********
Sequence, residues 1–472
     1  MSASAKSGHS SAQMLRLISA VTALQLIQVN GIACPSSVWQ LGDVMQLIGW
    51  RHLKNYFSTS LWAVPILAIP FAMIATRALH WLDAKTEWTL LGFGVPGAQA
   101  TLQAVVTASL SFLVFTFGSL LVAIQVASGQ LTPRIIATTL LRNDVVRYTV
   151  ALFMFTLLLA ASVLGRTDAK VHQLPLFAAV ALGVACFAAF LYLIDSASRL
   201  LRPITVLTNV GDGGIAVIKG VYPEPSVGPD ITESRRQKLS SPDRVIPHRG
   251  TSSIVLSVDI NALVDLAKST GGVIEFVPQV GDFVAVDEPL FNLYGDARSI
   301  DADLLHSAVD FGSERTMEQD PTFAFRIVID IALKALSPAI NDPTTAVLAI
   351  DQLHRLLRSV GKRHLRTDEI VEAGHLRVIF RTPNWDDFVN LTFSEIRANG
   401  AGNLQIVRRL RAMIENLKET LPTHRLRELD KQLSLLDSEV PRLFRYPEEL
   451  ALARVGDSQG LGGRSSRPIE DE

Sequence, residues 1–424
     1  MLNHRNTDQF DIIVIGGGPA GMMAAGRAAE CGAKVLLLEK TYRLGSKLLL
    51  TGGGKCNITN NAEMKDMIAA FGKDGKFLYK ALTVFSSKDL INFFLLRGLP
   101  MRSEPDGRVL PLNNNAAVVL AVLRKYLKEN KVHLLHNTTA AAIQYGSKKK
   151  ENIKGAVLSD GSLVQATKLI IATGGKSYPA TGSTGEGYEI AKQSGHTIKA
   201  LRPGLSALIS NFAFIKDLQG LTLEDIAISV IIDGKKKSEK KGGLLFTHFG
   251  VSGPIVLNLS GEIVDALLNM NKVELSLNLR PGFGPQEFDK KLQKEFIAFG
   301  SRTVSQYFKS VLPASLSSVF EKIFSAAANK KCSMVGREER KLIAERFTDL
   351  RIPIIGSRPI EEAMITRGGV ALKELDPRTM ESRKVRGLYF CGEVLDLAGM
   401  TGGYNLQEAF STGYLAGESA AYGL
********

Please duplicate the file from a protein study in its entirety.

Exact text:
Sequence, residues 1–472
     1  MSASAKSGHS SAQMLRLISA VTALQLIQVN GIACPSSVWQ LGDVMQLIGW
    51  RHLKNYFSTS LWAVPILAIP FAMIATRALH WLDAKTEWTL LGFGVPGAQA
   101  TLQAVVTASL SFLVFTFGSL LVAIQVASGQ LTPRIIATTL LRNDVVRYTV
   151  ALFMFTLLLA ASVLGRTDAK VHQLPLFAAV ALGVACFAAF LYLIDSASRL
   201  LRPITVLTNV GDGGIAVIKG VYPEPSVGPD ITESRRQKLS SPDRVIPHRG
   251  TSSIVLSVDI NALVDLAKST GGVIEFVPQV GDFVAVDEPL FNLYGDARSI
   301  DADLLHSAVD FGSERTMEQD PTFAFRIVID IALKALSPAI NDPTTAVLAI
   351  DQLHRLLRSV GKRHLRTDEI VEAGHLRVIF RTPNWDDFVN LTFSEIRANG
   401  AGNLQIVRRL RAMIENLKET LPTHRLRELD KQLSLLDSEV PRLFRYPEEL
   451  ALARVGDSQG LGGRSSRPIE DE

Sequence, residues 1–424
     1  MLNHRNTDQF DIIVIGGGPA GMMAAGRAAE CGAKVLLLEK TYRLGSKLLL
    51  TGGGKCNITN NAEMKDMIAA FGKDGKFLYK ALTVFSSKDL INFFLLRGLP
   101  MRSEPDGRVL PLNNNAAVVL AVLRKYLKEN KVHLLHNTTA AAIQYGSKKK
   151  ENIKGAVLSD GSLVQATKLI IATGGKSYPA TGSTGEGYEI AKQSGHTIKA
   201  LRPGLSALIS NFAFIKDLQG LTLEDIAISV IIDGKKKSEK KGGLLFTHFG
   251  VSGPIVLNLS GEIVDALLNM NKVELSLNLR PGFGPQEFDK KLQKEFIAFG
   301  SRTVSQYFKS VLPASLSSVF EKIFSAAANK KCSMVGREER KLIAERFTDL
   351  RIPIIGSRPI EEAMITRGGV ALKELDPRTM ESRKVRGLYF CGEVLDLAGM
   401  TGGYNLQEAF STGYLAGESA AYGL